Special Issue Guest Editors: Miguel Cañedo-Argüelles (University of Barcelona), Alison Derry (Université du Québec à Montréal), Stephanie Melles (Ryerson University), and Advisory Guest Editor, Gesa Weyhenmeyer (Uppsala University)
Deadline for submission of paper proposal: 30 March 2020
We are pleased to announce that we are seeking proposals for contributed papers to an L&O Letters Special Issue entitled, “Increasing Salinity in Freshwater and Coastal Ecosystems”. Human practices and global changes are leading to alarming trends in salinity for freshwater ecosystems around the world. Despite a growing number of scientific publications, there are significant knowledge gaps in our fundamental understanding of the implications of salinity on freshwater (FW) ecosystem functioning and biodiversity. Examples of unanswered research questions include: a) How are organisms at the base of FW food webs affected when salt gradually accumulates in ecosystems? b) What is the impact of increased salinity on FW trophic interactions? c) What are the implications for ecosystem functioning and services? d) How does salt interact with other stressors such as organic and inorganic pollution and global warming?
Conceived at GLEON in 2017, the special issue will feature articles arising out of a Global Salt Experiment (GSE). The GSE was a simultaneous mesocosm experiment performed at 16 locations in the summer 2018, designed to address a lack of experimental research on the direct impacts of salt on lake ecosystems. We seek contributed articles that will complement and expand the scope of invited papers described below on the following general topics: effects of salt on freshwater wetlands; biodiversity and ecosystem function responses to salt pollution; interactions between salt and other stressors; effects of salt on aquatic organisms (e.g., fish, invertebrate, bird); groundwater salt contamination; saltwater intrusion from tidal rivers to ‘ghost forests’ inland; and modelling studies that examine economic costs and human health risks. Contributed papers may be in any of the three L&O Letters article formats (Letters, Essays, and Data Articles). Mini-review papers (i.e., Current Evidence Articles) on different causes and consequences of increasing freshwater salinity across levels of biological organization and ecosystems will also be welcomed. For more information about article types and the aims and scope of L&O Letters, see here.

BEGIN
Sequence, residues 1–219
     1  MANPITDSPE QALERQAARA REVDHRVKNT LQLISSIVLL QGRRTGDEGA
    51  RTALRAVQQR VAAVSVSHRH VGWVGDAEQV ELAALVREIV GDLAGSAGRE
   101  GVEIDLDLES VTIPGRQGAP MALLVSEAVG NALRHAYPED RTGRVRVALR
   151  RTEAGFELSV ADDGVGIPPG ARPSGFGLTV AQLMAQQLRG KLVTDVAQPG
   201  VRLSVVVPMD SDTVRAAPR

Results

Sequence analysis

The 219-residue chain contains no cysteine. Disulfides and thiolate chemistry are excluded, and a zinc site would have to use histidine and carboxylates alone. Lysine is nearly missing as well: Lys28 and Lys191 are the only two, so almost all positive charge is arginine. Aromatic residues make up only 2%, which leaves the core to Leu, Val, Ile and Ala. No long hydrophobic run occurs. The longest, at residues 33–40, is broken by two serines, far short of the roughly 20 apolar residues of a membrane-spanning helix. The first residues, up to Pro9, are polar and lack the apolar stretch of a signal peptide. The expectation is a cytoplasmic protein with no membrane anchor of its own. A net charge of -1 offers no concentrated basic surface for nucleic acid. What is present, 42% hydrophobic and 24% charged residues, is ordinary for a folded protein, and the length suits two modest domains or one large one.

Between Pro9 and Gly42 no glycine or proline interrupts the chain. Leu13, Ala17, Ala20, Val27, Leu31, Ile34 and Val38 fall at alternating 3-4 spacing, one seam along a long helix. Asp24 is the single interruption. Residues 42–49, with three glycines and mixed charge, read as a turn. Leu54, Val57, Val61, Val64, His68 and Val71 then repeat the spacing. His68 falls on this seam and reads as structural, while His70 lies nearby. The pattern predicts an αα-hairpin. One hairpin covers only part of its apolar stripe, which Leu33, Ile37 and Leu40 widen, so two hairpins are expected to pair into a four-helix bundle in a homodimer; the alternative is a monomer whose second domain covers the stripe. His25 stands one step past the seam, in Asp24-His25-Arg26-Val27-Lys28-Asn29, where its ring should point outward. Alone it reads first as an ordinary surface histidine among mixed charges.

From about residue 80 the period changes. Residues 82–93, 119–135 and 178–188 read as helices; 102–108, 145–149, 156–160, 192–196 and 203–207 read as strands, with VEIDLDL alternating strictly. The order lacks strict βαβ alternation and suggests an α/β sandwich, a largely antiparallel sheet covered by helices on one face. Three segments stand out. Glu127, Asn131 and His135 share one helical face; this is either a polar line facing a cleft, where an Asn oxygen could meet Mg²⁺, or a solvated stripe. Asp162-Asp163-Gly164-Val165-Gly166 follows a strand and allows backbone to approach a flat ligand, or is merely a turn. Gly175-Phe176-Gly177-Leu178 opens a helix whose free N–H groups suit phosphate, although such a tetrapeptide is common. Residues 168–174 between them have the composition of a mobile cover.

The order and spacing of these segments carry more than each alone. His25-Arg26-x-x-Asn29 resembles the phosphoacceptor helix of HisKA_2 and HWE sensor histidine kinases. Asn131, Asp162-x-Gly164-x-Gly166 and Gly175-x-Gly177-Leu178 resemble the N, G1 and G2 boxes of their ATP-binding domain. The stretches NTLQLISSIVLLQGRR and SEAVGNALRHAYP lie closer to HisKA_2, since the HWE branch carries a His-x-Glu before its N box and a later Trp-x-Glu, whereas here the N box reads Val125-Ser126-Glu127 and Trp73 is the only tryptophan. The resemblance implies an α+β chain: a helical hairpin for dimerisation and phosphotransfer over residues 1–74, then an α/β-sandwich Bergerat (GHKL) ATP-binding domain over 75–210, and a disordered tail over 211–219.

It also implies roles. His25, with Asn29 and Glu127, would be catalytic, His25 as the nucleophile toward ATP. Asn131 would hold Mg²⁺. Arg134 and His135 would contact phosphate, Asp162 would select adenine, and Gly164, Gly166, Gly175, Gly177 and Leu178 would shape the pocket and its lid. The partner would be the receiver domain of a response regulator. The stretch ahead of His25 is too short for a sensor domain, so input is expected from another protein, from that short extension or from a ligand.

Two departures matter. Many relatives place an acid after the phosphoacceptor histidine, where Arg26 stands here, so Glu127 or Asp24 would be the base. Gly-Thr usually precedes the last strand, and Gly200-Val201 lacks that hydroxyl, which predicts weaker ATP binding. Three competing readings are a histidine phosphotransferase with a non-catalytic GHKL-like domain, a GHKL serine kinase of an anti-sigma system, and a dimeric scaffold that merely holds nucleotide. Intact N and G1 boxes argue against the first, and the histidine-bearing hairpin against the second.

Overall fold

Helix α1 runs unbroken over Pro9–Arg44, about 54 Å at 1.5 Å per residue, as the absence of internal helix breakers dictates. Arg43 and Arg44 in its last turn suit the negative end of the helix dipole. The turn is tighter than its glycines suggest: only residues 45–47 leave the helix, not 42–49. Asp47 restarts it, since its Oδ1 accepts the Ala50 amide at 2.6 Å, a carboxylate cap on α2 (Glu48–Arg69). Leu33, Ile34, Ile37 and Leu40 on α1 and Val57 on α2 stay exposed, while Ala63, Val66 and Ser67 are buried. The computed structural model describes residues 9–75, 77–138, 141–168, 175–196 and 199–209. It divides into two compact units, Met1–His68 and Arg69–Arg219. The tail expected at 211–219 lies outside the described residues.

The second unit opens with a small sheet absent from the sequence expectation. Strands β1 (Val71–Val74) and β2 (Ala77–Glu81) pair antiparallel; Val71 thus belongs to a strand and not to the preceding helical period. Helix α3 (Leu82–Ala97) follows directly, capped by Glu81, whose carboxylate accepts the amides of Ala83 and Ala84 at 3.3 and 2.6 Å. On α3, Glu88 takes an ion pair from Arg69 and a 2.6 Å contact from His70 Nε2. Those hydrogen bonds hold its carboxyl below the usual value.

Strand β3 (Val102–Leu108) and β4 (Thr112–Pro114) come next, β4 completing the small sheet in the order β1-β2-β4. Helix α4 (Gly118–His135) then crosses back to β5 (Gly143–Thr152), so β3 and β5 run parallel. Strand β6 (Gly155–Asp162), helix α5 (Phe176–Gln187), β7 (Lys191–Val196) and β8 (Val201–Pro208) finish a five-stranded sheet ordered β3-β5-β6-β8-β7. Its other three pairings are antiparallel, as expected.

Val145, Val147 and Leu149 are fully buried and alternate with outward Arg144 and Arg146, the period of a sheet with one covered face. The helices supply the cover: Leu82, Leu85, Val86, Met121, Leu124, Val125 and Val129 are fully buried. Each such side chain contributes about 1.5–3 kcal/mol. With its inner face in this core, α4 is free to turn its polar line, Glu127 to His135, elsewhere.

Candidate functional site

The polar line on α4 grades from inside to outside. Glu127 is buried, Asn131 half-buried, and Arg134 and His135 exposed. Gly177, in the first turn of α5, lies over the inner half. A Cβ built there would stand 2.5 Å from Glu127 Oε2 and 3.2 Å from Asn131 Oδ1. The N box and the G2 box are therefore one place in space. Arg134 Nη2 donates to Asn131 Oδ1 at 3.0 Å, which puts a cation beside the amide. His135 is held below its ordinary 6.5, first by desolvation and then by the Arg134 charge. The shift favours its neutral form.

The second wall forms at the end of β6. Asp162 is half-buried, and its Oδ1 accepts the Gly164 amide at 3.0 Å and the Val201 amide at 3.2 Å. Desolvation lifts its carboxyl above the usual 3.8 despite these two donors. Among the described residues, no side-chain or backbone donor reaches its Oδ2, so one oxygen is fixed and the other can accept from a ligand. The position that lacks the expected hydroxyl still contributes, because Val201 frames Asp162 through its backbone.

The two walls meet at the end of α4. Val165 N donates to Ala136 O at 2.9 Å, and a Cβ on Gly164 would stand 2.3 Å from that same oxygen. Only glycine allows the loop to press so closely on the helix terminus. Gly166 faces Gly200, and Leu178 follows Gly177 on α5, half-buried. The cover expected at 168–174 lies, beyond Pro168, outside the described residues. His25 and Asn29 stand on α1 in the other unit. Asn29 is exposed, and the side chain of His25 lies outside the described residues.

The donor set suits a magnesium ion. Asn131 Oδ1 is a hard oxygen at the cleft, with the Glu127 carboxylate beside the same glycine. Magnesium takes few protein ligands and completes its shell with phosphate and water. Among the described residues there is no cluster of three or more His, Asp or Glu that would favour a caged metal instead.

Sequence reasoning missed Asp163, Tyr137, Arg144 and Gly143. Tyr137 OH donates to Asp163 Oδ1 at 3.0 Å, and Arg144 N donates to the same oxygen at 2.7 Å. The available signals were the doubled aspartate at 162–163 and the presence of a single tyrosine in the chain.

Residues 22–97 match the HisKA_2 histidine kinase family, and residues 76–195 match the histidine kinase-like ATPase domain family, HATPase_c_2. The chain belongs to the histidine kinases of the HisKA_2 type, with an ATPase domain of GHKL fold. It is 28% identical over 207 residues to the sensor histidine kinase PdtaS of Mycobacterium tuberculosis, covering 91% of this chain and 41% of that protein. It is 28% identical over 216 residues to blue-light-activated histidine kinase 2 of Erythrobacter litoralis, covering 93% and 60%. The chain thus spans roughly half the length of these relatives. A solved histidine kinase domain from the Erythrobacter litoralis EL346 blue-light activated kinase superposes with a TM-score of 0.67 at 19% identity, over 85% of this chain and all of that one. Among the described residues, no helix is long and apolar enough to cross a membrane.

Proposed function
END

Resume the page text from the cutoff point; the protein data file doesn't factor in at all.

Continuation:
Proposals for contributed papers will be evaluated by Special Issue Guest Editors (Miguel Cañedo-Argüelles, Alison Derry, Stephanie Melles, and Gesa Weyhenmeyer) based on fit within the journal scope and complementarity with invited paper themes (listed below). Please send an email with the subject heading “Freshwater-Salt-Paper-Proposal” to LOL.email@example.com with a pdf of the manuscript proposal attached that includes the following information (no more than 2 pages):
- Author(s) and affiliation(s)
- Title, and article type (Letter, Current Evidence, Data Article, or Essay)
- Abstract, 200 words
- 1-page outline
Proposals must be received by 5:00 pm EST on March 30, 2020. Invitations to submit full drafts for consideration in the special issue are expected by April 30, 2020. Please note that acceptance to submit a full-draft does not guarantee acceptance of the manuscript, rather, it allows the manuscript to go through the standard L&O Letters peer-review process in consideration for this special issue. Deadline for full manuscript submission will be December 31, 2020. Please contact the special issue editors at LOL.firstname.lastname@example.org with any questions.
Accepted papers will be published online within a few weeks of acceptance as Early View publications with DOI, and these articles will be compiled in the anticipated special issue in February 2022.
Invited papers will cover the following topics:
- Regional-scale intraspecific variation in zooplankton salt tolerance among lakes
- Ecotoxicology and community responses; sentinel species and functional groups
- Population level adaptive tipping points in salt tolerance for naive freshwater zooplankton
- Trophic cascades and food webs: effects of salt addition on a naïve planktonic food web
- Road salt driven changes in zooplankton community structure leading to salt-induced algal blooms
- From individuals to ecosystems: the cascading effects of freshwater salinization in California mountain lakes
- Effects of salt addition on zooplankton size spectral diversity
- Temporal prokaryote community shifts in response to a salt gradient
- Multiple stressors: interactions between salt, nutrients, and other stressors (e.g., climate change)
- Salinization effects on metabolic processes in lakes